Psychiatry is an immediate, obvious example. It views and reduces all individual and interpersonal problems to strictly physical causes largely ignoring social, emotional and spiritual factors. This has resulted in a string of horrifying “treatments” that myopically concentrate on altering, destroying or interfering at a purely physical level while other aspects of existence are summarily neglected or sidelined. Most of these treatments end up reclassified as abuse if not torture, usually around the time a new, slightly updated physical approach becomes economically viable.
To name but a few:
- Ice baths.
- Administering typhoid antitoxin to produce fevers.
- Applying turpentine to the abdominal muscles to produce “sterile” abscesses (even in a field brimming with extremes, this sounds unbelievable).
- The entire gamut of shock treatments that intentionally induce grand mal seizures—something the rest of the medical profession strives to prevent—including the still widely used electric shock (now being used on children).
- Insulin overdose, also used as a shock mechanism to bring on convulsions while every other doctor was working to control insulin levels in their patients whose bodies didn’t do it naturally.
- Then there are multiple classes of drugs known to cause brain damage often resulting in irreversible Parkinsons-like tremors. In a remarkable reversal of logic, early psychiatric proponents claimed they needed to see evidence of brain damage (Parkinsons-like symptoms) to know they’d reached “therapeutic” drug levels. These are not, by the way, obscure drugs, but are the ones being prescribed to a staggering number of people.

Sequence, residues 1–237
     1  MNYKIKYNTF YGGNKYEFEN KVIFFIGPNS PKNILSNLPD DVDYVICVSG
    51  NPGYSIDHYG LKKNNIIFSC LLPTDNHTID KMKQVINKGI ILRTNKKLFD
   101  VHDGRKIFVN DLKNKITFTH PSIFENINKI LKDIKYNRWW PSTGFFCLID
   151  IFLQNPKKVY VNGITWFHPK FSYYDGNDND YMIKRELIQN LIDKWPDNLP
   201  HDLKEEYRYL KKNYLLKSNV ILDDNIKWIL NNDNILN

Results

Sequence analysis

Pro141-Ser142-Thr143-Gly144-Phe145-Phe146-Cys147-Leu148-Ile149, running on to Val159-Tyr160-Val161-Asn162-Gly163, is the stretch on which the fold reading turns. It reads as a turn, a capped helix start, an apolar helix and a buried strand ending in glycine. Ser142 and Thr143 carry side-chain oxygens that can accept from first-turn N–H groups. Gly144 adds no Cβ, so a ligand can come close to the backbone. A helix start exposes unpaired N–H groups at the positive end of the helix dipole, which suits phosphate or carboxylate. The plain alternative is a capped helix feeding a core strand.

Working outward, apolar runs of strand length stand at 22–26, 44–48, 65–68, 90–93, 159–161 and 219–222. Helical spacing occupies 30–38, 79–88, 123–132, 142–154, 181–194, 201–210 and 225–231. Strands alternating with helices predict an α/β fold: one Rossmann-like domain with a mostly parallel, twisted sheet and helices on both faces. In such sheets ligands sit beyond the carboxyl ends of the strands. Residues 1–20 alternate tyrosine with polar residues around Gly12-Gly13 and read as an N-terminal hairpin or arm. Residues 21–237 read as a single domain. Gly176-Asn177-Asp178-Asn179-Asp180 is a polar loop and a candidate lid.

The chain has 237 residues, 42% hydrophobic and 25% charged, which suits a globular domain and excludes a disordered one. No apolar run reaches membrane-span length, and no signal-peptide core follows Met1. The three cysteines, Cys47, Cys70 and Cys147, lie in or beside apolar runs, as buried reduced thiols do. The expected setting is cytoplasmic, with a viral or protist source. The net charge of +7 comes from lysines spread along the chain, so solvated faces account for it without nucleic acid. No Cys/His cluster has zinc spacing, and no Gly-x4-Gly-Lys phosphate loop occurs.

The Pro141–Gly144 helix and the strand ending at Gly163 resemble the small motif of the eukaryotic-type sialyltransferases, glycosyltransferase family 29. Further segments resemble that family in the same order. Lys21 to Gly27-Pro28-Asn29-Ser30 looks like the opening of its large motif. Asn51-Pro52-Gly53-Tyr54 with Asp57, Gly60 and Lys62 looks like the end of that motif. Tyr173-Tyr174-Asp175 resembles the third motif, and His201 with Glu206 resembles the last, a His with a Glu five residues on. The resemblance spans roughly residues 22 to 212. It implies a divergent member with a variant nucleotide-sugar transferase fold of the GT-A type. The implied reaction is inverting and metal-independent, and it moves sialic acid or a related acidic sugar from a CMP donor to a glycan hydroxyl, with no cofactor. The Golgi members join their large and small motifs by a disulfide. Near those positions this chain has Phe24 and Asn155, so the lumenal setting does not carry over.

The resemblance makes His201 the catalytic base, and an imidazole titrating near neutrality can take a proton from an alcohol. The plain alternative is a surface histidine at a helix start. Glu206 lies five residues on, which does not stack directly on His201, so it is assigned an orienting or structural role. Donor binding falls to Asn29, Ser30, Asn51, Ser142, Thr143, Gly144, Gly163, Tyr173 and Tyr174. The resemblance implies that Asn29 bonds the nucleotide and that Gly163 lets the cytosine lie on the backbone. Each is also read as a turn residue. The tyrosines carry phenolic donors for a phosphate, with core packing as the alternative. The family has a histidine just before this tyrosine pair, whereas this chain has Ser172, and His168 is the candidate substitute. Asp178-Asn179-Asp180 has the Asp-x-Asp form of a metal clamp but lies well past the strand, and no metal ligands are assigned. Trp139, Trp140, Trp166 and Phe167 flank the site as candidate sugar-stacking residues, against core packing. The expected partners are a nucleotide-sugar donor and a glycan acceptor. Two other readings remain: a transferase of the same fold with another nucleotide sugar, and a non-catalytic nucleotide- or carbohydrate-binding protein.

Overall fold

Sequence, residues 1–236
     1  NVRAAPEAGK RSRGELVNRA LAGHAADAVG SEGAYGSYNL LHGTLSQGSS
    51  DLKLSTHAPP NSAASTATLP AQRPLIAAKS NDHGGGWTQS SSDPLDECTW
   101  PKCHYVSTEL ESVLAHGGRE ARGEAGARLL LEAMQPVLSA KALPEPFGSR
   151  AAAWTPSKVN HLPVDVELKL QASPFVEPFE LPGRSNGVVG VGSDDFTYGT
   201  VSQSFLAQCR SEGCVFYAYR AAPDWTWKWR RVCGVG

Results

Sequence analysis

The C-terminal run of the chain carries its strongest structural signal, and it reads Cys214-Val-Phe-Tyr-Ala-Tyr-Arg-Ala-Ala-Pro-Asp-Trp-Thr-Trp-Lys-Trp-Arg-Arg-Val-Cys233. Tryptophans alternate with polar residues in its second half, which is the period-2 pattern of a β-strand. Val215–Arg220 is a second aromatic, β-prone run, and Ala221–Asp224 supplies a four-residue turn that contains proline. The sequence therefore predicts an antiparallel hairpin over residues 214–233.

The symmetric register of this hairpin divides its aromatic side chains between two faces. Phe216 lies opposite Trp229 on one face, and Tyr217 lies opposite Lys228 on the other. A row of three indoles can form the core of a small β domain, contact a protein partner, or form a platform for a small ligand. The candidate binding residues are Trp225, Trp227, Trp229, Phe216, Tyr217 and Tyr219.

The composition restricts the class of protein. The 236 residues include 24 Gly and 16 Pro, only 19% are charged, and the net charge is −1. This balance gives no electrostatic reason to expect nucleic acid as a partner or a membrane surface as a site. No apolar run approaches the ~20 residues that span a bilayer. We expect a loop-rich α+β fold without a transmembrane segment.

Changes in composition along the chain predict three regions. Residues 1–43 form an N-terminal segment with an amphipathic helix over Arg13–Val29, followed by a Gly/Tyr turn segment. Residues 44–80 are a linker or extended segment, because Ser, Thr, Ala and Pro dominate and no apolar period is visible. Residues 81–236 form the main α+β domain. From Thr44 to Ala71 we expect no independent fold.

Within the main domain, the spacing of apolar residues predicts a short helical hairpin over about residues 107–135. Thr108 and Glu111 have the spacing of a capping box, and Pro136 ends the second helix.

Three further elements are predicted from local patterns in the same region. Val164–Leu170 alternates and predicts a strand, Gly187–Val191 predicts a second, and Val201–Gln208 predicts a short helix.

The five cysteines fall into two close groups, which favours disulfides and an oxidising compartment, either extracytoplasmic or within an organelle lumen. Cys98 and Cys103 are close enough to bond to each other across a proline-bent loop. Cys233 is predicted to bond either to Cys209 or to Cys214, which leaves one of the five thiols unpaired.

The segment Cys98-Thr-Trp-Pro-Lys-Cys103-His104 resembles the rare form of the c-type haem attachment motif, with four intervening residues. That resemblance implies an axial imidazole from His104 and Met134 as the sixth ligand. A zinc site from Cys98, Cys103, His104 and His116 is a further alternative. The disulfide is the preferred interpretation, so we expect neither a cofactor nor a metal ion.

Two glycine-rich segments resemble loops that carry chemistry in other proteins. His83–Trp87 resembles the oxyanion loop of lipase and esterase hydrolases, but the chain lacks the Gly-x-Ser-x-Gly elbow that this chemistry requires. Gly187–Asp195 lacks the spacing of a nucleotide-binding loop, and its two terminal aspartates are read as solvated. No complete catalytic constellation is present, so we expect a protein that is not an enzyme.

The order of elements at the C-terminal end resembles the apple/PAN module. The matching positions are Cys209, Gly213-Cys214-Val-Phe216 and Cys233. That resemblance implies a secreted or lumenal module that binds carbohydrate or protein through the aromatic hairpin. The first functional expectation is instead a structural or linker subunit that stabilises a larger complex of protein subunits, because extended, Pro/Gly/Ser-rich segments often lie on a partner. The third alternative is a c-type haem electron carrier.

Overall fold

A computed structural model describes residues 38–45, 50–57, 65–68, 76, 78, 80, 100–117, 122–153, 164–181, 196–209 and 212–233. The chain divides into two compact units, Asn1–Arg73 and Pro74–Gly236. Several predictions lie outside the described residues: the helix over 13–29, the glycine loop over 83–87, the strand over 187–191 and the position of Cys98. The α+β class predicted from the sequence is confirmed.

- And perhaps the most extreme: lobotomy and all its variations that intentionally destroy brain tissue, inflicting damage the rest of the medical community endeavors to avoid.
And while the abuses of psychiatry have been widely documented—often times by their own—the purpose of this article is not to plot psychiatry’s failings.
Religion and science ultimately have no reason to be at odds. They are distinct aspects of the human experience.
The purpose is to suggest the kinds of tragedies that can follow when a “science” is constrained, even hamstrung, by belief in its own righteousness instead of being governed by observation and the scientific process.
How much different would psychiatry’s history have been had it followed the science, wherever it led, rather than narrowly following a path predestined to see only purely physical “explanations” for everything while ignoring all indications and evidence to the contrary?
Interestingly, in the case of psychiatry, when science is applied, it reveals that psychiatric drugs work no better than placebo. The science also demonstrates that the chemical imbalance theory spouted in support of various drug marketing campaigns is at best unproven and at worse a sham. What’s more, humane versions of mental health treatment not premised on the purely physical have historically met with success.
If we want to use science to help solve our personal and community problems, we need to stop shackling it with an arbitrary belief. We need to let science do its job, to observe and use what is found.
Religion and science ultimately have no reason to be at odds. They are distinct aspects of the human experience. One deals with beliefs, ideals, purposes, goals and questions of “why.” The other deals with observations, principles of operation and questions of “how” aimed at giving us tools to better understand, control and enhance the world in which we live.
When science has been infused or confused with a belief, contention results.
The same could be said of religion—when it mandates itself into the world of science, problems arise, a phenomenon about which much has been written.
But the former—science adopting belief as fact—is less well covered and is equally destructive, particularly today.
Maybe it’s time we unshackle those “sciences” that have been handicapped by belief so they are free to do what science does best and let the data help us find a better course.